LAMs - We're not so different

Nick Krabbenhoeft
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When I connected information theory with the OAIS model in a previous post, I had a much larger goal in mind. The library, archive, and museum communities have spent decades cataloging their differences.…or describing or registering them, depending on your profession. While those differences are real and should be recognized, we have been ignoring our similarities. Because digital tools make sharing and collaboration much easier, we should be building on the similarities.

According to the Society of American Archives,Overview of the Archives Profession these are our differences:

The librarian and the archivist… both collect, preserve, and make accessible materials for research; but significant differences exist in the way these materials are arranged, described, and used.

The museum curator and the archivist are associated; however, the museum curator collects, studies, and interprets mostly three-dimensional objects, while the archivist works with paper, film, and electronic records.

In sum, libraries, archives, and museums collect similar things, describe them in different ways, and allow different uses.take it home vs. read it here vs. look through the glass And based on those differences, we’ve created separate schools, separate professional associations, and separate technical standards. And we ignore the edge cases.

  • Who creates exhibitions at archives and libraries?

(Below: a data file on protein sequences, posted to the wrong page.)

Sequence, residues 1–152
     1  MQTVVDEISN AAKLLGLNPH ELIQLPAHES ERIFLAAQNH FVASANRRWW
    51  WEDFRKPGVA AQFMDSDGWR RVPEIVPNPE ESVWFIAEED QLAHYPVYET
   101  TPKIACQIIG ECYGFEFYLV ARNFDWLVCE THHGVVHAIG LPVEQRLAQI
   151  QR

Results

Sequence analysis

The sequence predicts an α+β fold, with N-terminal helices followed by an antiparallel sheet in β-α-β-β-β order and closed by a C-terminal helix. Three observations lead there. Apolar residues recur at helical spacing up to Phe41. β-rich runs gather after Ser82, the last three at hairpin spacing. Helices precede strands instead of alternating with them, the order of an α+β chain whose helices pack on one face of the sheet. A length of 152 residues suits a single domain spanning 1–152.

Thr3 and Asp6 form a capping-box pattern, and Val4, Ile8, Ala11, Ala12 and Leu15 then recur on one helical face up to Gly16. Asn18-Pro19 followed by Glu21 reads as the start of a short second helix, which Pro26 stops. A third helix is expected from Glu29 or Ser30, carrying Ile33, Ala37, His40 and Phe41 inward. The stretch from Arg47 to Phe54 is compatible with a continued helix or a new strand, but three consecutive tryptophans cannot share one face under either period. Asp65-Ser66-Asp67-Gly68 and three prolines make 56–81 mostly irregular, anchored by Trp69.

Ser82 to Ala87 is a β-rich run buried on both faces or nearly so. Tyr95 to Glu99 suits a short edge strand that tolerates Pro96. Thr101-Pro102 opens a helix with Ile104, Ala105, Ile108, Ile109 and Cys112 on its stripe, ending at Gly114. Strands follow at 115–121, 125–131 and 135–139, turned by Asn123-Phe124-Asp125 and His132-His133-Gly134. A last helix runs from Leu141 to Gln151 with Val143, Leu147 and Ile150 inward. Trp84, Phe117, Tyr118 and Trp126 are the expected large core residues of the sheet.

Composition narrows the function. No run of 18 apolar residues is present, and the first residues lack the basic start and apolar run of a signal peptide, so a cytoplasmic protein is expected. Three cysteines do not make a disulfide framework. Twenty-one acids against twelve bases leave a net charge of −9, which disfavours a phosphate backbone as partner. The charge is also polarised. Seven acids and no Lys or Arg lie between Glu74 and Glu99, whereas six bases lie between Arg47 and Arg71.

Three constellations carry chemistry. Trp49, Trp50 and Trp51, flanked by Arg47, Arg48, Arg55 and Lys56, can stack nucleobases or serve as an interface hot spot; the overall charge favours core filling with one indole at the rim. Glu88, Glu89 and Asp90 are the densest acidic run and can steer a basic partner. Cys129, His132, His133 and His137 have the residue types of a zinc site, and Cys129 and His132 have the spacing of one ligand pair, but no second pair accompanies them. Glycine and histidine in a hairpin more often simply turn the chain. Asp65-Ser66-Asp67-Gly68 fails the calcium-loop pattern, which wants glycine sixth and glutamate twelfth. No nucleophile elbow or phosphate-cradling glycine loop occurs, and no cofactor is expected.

• What makes a special collections library different from an archives?
  • How is a study collection at a museum managed?
  • What does a museum do with an object’s provenance documentation?
  • Do libraries, archives, and museums transfer custody of all objects that do not fit their ideal format?

Finding the similarities is by no means a new idea. I think it’s most successfully demonstrated by DPLA, which despite being a library contains over 9 million records from libraries AND archives AND museums. All of us are collecting institutions. No matter what lines we try to draw between our collections, its all just stuff, stuff that hopefully we can make accessible to our communities.

However, in our quest to catalog our differences, we created specialized vocabularies that petrified those differences. What we need is to step back from the minutiae of day-to-day processes and to take a high-level view of what our organizations do. I think OAIS offers the best platform to do that from.

The first step is to translate library, archives, and museum functions onto the OAIS model. Stay tuned…

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